Affable Beasts: An Interview with Michael Thomas Taren on Tomaž Šalamun

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It is a thrilling thing, for many of us, to consider a new book by Tomaž Šalamun. Now, nearly an exact year after Šalamun’s death, we have Justice, the first posthumous work. It is Šalamun at his very best, full of energy, always after different approaches, exploding his vision into a celestial pantheon of different realities. A few months ago in these pages I shared some thoughts, and, especially, favorite lines of Šalamun’s past works. This month I had the pleasure of chatting with Šalamun’s translator and collaborator, poet Michael Thomas Taren, about this first posthumous collection, working with Šalamun, and the unique endeavor of translation as a creative enterprise. His effervescent illuminations offer the perfect precursor to the new poems, available soon from Black Ocean.

Read the interview at Michigan Quarterly Review

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Book Review: “The Father of the Arrow is the Thought,” by Christopher Deweese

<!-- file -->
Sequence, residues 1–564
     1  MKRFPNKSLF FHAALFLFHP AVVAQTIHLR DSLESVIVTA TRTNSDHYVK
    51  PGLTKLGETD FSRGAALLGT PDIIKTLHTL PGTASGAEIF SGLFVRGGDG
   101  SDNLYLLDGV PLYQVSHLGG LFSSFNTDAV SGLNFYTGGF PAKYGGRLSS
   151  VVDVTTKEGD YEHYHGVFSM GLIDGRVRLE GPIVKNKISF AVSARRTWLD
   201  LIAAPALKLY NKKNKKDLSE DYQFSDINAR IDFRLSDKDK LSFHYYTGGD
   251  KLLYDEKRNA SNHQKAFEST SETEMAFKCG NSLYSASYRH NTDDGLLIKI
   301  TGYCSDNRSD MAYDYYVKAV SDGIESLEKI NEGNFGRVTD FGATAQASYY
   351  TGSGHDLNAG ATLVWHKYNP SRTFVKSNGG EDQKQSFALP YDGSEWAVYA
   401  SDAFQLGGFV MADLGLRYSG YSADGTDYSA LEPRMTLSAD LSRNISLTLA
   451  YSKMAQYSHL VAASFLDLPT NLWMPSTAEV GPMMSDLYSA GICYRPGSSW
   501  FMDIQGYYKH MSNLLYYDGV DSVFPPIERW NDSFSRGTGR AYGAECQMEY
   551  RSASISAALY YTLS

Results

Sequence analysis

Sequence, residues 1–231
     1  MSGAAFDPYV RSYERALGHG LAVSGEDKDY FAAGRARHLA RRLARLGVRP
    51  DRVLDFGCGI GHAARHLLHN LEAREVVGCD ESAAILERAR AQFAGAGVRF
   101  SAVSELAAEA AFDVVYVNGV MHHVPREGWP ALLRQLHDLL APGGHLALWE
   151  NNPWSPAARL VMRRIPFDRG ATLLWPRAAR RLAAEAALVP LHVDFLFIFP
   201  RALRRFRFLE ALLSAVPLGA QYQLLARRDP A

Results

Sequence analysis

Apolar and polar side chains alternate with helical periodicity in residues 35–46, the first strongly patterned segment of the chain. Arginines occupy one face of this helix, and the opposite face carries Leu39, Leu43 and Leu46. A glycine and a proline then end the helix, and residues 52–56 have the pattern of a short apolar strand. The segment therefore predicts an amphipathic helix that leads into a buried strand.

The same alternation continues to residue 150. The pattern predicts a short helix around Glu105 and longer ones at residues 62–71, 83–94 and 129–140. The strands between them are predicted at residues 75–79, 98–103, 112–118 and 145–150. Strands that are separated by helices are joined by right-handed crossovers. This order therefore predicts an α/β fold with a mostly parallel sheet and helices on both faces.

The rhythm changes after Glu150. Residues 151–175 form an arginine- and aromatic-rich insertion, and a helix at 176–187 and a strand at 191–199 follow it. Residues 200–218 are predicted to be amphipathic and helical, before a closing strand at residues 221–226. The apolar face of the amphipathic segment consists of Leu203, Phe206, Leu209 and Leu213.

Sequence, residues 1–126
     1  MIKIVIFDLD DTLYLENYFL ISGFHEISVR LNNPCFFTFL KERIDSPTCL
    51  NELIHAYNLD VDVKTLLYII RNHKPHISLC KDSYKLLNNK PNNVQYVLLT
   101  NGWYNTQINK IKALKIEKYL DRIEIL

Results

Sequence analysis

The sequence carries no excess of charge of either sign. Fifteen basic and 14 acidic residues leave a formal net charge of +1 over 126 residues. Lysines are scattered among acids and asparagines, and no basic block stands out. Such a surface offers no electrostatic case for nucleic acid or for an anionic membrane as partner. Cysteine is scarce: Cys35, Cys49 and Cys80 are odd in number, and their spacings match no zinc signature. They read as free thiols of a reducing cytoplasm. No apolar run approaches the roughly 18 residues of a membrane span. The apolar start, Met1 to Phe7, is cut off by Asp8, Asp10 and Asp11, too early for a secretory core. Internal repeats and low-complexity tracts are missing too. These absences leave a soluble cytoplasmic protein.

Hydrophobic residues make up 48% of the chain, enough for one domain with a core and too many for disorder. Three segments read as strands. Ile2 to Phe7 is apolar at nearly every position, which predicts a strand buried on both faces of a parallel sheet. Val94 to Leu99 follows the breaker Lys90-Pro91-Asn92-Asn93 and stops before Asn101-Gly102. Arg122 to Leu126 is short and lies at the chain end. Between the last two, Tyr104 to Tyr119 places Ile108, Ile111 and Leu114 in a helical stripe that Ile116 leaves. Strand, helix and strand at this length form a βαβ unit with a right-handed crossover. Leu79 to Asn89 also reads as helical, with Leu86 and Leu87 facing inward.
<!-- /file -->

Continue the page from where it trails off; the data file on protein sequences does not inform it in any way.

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Don’t be confused by the title of Christopher Deweese’s The Father of the Arrow is the Thought—taken from a line by Paul Klee, it suggests poems that might be characterized by a singular trajectory, a martial swiftness that lands us with a wobbling after-strike in our target. And a cursory glance at the poems pretty much supports this—all of them take the form of relatively skinny columns that shoot with a severe straightness down the page. Indeed, we are going somewhere, and pretty fast. But a look at the rest of that Paul Klee quote gives us something which complicates this sense of motion: “How do I expand my reach? Over this river? This lake? That mountain?”

Read the review at NewPages